(g) a hydraulic pump for the ram in the housing, and

(h) a jaw assembly rigidly mounted to the tie means for reciprocal movement relative to the base in response to operation of the ram, the jaw assembly including (i) a pair of jaw levers mounted for pivotal movement toward and away from each other about axes normal to said horizontal axis between a closed position and an open position,

(ii) selectively operable means coupled to the jaw levers operable to move the jaw levers between the open and closed positions thereof,

(iii) jaw lever support means pivotally mounting the jaw levers to the tie means and including means cooperating with the jaw levers in the closed position thereof to define a receptacle sized to receive and grip a substantially cylindrical object of predetermined transverse dimension, said receptacle extending normal to said horizontal axis, and

(iv) an adapter member mounted to the jaw lever support means for movement into a selected position relative to the support means in which the adapter member cooperates with the jaw levers in the closed position thereof to define a receptacle sized to receive and grip a substantially cylindrical object having a maximum transverse dimension less than said predetermined transverse dimension.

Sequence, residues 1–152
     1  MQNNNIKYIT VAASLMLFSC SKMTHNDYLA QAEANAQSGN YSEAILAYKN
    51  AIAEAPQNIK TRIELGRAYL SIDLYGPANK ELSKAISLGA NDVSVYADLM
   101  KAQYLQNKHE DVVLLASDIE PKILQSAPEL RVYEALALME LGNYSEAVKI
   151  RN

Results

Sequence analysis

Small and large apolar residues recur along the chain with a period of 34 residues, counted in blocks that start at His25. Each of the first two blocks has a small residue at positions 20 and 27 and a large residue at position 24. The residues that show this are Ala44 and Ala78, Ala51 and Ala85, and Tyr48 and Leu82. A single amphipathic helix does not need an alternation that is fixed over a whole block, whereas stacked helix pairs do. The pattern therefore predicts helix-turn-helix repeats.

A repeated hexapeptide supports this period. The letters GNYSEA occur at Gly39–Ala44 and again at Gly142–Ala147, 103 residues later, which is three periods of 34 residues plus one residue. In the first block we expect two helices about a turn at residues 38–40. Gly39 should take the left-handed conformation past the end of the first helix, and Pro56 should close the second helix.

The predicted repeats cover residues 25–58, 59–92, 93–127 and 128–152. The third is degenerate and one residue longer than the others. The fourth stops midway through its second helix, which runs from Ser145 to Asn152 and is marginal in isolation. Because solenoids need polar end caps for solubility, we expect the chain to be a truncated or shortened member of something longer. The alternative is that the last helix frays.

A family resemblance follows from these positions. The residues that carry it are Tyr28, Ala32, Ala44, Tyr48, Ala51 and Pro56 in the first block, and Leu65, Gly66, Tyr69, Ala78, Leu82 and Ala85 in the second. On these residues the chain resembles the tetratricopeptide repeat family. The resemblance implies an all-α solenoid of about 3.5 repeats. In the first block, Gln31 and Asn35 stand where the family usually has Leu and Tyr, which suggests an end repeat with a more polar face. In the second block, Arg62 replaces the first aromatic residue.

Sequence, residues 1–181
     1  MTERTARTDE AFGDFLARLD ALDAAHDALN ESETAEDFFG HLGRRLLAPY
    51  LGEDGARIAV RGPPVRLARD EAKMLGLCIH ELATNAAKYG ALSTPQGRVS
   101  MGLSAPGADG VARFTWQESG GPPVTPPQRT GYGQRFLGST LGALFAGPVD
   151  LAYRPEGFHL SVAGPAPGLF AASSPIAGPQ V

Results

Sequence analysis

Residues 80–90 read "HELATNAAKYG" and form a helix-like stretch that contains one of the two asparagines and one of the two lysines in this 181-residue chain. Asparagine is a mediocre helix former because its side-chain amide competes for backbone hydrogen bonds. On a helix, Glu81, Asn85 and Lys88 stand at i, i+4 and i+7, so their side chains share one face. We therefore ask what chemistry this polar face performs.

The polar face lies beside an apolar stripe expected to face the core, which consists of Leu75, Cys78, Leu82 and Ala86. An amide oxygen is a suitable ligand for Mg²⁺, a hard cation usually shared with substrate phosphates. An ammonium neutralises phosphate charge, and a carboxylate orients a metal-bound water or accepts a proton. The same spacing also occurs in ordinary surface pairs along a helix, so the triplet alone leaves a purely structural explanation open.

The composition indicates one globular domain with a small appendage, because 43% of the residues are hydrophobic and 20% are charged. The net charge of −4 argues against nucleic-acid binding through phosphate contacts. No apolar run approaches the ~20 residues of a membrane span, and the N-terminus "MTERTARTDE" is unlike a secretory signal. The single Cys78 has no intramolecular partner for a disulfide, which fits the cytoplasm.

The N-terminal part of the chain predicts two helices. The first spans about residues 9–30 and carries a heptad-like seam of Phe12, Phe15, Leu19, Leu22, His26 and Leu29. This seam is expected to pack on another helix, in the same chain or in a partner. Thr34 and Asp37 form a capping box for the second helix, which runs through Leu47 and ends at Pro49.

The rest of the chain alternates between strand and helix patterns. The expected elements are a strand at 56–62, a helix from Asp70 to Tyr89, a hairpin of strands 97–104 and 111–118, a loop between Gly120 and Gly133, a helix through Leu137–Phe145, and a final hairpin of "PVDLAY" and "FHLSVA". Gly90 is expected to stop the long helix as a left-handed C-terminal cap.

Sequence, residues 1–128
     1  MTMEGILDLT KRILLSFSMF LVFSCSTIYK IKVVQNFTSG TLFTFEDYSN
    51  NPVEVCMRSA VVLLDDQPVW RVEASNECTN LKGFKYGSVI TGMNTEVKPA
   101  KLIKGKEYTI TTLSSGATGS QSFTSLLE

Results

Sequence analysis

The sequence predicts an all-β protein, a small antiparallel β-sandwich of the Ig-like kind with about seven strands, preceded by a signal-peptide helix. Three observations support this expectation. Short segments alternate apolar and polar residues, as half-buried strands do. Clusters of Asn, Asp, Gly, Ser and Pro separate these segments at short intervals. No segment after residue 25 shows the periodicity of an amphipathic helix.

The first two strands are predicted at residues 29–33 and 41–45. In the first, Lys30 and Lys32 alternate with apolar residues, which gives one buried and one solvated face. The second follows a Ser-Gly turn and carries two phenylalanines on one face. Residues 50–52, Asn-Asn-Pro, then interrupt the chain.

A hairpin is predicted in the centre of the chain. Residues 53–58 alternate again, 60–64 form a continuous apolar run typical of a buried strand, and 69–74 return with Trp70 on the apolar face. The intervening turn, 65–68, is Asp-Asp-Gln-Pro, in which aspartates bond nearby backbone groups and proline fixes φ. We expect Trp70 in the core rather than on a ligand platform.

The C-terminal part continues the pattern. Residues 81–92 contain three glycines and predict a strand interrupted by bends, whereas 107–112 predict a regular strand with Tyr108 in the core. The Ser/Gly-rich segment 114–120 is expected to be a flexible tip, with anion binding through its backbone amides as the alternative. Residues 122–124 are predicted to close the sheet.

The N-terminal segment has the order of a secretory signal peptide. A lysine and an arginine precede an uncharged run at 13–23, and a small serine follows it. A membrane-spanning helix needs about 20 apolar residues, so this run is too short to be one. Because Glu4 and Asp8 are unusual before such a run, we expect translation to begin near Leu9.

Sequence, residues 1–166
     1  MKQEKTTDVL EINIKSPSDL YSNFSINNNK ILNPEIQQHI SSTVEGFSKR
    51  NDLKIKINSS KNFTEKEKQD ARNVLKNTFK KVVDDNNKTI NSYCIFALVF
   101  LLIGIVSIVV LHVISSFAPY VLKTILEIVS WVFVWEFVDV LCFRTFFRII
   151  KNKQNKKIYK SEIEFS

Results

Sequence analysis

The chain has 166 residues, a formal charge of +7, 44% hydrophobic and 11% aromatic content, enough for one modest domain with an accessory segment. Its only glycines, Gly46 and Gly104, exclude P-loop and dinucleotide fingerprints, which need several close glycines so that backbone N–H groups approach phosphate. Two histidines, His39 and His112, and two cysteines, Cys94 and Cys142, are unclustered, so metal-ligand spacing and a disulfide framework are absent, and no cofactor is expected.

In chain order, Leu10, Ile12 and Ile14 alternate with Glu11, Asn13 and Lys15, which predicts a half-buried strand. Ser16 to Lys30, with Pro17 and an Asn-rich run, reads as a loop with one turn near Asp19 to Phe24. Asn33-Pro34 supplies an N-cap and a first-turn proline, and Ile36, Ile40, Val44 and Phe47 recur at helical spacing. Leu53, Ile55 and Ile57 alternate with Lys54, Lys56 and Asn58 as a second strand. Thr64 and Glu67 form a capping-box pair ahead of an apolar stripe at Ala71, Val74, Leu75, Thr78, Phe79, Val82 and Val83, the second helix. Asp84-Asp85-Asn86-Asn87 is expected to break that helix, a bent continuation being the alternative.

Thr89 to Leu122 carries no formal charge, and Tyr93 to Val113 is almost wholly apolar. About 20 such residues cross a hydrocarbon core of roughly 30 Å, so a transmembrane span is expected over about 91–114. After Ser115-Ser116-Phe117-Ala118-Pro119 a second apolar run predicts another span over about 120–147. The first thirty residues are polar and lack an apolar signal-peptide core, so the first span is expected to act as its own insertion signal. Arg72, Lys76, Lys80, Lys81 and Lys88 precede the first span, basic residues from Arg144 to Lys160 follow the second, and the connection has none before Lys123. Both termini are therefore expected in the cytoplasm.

3. A kelly stabber according to claim 2 wherein the selectively operable means includes means for locking the jaw levers in the opened and closed position thereof.

4. A kelly stabber according to claim 3 wherein the selectively operable means includes means for locking the jaw levers in a partially open position.

5. In an oil well drilling rig and the like including a drilling platform, a rotary table mounted to the platform for rotating a kelly engageable therein, and a rathole hav ing an open upper end adjacent the rotary table substantially at the level of the drilling platform for receiving a. joint of drill pipe, apparatus for handling the kelly and the joint during the connection of the joint to a drill String disposed in a hole below the rotary table comprismg:

(a) jaw means operable for grasping and holding the kelly or the joint,

(1)) a base mounted to the drilling platform adjacent the rotary table, and

(c) means connected between the jaw means and the base operable for moving the jaw means from a first position over the rotary table to a second position over the upper end of the rathole.

6. In an oil well drilling rig and the like including a drilling platform, a rotary table mounted in the platform for rotating a kelly engageable therein to rotate a string of drill pipe connected to the lower end of the kelly, and a rathole having an open upper end adjacent the rotary table substantially at the level of the drilling platform for receiving a joint of drill pipe to be connected to the string, apparatus for handling the kelly and the joint during the connection of the joint to the string,